4.1. Section 6(1) of the Act provides that discrimination shall be taken to occur where on any of the discriminatory grounds mentioned in subsection (2) one person is treated less favourably than another is, has been or would be treated. The discriminatory ground in this case is disability. Therefore, the issue for me to decide is whether the complainant suffered discriminatory treatment in relation to access of employment and whether the respondent failed to provide reasonable accommodation in order to enable her to take up a position with the respondent. In reaching my decision, I have taken into account all of the submissions, written and oral, made by the parties.
4.2 In evaluating the evidence before me, I must first consider whether the complainant has established a prima facie case pursuant to Section 85A of the Act. The Labour Court has held consistently that the facts from which the occurrence of discrimination may be inferred must be of 'sufficient significance' before a prima facie case is established and the burden of proof shifts to the respondent.
4.3 Disability is defined in Section 2 of the Acts:
(a) the total or partial absence of a person's bodily or mental functions including the absence of a part of a person's body
(b) the presence in the body of organisms causing, or likely to cause chronic disease or illness
(c) the malfunction, malformation or disfigurement of a part of a person's body
(d) a condition or malfunction which results in a person learning differently form a person without the condition or malfunction
(e) a condition, illness or disease which affects a person's thought processes, perception of reality, emotions or judgement or which results in disturbed behaviour.
The complainant submits that she has been discriminated against because of an actual disability (visual impairment) and an imputed disability (small stature and low BMI). Impute is defined in the Oxford English Dictionary as
1. regard (especially a fault or a crime) as being done or cause or possessed by; attribute or ascribe to the discredit of
2. reckon, take into account; consider
3. Charge or arraign with a fault etc; accuse
I am satisfied that Dr B in her medical report at 2.3 did impute the complainant's low BMI as a disability. The respondent submits that only actual disabilities can be imputed and a BMI of 15 is not an actual disability. I do not accept the respondent's contention in this regard. The definition of disability is very broad in the Acts. Section 2 (c) of the Acts could be interpreted to include an extremely low BMI such as the complainant's. Therefore, I am satisfied that the complainant has established a prima facie case of discrimination on the ground of disability regarding access to employment.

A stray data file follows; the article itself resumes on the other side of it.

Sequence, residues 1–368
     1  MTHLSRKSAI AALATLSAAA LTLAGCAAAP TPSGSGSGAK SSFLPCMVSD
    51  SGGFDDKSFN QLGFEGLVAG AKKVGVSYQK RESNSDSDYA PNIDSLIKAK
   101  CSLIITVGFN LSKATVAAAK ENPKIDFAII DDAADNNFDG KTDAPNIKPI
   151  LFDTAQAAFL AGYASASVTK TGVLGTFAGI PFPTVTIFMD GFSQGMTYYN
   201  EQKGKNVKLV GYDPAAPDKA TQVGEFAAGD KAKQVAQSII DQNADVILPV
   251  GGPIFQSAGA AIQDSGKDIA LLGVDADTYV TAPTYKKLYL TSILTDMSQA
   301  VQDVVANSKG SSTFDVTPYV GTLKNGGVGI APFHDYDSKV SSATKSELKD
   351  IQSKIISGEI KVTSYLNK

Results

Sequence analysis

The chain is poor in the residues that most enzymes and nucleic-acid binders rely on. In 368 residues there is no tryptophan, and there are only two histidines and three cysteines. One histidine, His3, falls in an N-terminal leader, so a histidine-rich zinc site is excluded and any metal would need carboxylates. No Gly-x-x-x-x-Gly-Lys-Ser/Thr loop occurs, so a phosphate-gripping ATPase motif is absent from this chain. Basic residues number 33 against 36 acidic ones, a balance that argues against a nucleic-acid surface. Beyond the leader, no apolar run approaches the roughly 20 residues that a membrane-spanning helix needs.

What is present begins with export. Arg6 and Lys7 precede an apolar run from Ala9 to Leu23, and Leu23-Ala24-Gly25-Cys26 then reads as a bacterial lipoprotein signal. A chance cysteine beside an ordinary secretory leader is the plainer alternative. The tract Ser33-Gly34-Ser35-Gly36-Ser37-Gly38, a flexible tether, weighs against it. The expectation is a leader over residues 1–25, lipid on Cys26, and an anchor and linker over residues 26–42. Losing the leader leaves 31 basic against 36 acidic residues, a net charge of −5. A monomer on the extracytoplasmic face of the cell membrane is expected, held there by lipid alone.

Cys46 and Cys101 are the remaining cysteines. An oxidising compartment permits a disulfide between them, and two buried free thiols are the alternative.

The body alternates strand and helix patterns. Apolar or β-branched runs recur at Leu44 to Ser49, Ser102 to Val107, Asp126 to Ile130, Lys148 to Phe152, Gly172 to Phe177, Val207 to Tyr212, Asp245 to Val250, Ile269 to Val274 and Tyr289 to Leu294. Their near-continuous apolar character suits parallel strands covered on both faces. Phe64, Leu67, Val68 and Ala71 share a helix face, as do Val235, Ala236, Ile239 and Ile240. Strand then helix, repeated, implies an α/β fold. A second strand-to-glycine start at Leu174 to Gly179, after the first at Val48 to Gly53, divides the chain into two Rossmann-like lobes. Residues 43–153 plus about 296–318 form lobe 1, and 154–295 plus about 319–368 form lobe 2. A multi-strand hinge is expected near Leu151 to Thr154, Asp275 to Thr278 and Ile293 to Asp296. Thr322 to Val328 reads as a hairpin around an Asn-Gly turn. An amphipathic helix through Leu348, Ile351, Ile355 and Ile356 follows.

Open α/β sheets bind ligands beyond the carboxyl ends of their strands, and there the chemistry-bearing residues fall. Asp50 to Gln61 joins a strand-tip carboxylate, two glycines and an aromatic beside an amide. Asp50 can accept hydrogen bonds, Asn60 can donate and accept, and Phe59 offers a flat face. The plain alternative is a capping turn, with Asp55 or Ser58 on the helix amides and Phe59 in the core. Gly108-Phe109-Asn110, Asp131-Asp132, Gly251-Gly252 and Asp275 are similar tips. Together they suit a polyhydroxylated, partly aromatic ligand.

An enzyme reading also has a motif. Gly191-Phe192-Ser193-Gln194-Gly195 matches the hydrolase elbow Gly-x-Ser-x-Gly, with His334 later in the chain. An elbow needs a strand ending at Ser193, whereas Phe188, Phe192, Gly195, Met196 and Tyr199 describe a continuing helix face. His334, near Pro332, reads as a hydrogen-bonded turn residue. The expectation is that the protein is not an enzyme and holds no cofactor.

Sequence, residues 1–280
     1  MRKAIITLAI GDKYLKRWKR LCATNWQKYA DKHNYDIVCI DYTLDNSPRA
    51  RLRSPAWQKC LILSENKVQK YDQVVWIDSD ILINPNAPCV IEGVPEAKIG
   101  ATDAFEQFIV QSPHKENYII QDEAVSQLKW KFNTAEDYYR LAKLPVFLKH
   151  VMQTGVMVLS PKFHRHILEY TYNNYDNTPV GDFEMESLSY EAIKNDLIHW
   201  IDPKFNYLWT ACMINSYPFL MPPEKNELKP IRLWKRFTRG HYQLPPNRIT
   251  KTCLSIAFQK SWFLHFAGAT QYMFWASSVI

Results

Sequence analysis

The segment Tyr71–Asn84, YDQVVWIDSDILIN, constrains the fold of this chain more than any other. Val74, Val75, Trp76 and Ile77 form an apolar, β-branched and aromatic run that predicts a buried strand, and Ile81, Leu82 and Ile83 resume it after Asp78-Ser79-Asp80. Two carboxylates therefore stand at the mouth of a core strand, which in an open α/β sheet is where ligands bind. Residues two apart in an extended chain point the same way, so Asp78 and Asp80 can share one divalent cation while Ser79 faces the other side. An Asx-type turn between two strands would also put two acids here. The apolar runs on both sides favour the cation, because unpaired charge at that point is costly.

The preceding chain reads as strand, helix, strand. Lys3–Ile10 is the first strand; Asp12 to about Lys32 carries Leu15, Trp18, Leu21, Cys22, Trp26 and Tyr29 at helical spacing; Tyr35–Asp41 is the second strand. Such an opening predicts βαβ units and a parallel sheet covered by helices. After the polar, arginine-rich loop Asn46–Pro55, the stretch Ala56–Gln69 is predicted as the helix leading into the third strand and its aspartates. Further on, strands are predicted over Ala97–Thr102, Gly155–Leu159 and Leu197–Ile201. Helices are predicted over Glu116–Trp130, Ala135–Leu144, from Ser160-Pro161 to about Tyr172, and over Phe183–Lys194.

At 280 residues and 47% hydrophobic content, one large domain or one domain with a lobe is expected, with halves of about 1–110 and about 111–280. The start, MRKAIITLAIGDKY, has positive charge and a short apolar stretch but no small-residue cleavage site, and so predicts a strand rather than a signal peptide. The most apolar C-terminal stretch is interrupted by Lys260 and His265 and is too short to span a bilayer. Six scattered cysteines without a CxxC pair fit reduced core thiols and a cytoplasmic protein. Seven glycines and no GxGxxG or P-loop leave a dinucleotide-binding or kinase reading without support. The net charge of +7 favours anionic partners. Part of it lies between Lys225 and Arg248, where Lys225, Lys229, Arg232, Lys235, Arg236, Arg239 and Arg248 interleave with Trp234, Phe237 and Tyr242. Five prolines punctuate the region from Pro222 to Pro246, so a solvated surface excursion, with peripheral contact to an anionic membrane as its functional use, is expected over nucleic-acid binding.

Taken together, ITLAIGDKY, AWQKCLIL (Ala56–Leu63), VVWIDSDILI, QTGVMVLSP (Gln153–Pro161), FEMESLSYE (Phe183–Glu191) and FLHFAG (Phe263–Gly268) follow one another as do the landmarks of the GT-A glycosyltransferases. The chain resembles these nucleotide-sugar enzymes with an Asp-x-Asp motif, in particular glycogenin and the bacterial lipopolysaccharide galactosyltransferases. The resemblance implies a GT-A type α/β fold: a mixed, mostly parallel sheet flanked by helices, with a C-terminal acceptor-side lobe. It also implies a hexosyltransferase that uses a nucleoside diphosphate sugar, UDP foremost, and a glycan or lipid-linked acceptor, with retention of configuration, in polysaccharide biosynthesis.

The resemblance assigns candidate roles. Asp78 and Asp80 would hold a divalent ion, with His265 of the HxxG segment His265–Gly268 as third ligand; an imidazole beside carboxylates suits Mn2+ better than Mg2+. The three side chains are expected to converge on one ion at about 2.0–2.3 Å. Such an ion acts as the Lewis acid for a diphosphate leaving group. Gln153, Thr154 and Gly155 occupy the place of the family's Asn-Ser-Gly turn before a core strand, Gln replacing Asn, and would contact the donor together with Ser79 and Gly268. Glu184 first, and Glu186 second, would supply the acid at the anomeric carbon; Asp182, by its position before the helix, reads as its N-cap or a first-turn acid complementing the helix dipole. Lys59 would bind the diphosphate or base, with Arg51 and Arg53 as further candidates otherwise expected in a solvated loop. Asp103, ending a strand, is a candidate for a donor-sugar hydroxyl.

4.4 However, Section 16 (1) provides a saver for employers:
Nothing in this Act shall be construed as requiring any person to recruit or promote an individual to a position to retain an individual in a position, or to provide training or experience to an individual in relation to a position, if the individual ....
(b) is not (or as the case may be, is no longer) fully competent and available to undertake, and full capable of undertaking the duties attached to that position having regard to the conditions under which those duties are, or may be required to be, performed.
4.5 Mr D, expert in challenging behaviour, gave evidence for the respondent. He submits that he started as a Social Care Worker before qualifying as a Nurse, and then as a Psychologist. He has written a book on managing aggressive behaviour in care settings using low arousal approaches. He stated that he has been assaulted three times during his career working with people with intellectual difficulties. He wears glasses himself and they have been broken twice by service users during aggressive episodes. His view was that a serious visual impairment, like the complainant's, would be an obstacle in working as a Care Assistant or Social Care Worker. He submits that a person with poor eyesight could miss the visual cues preceding aggressive episodes. In response to a question by myself, he also said employing a person of small stature in these roles also be problematic but less so than a severe visual impairment. He said that while physical constraint should always be a last resort, giving the appearance of being physically strong is occasionally useful. He did not dispute that the complainant has empathy for disabled people but went on to say that, people with disabilities do not have a monopoly on empathy.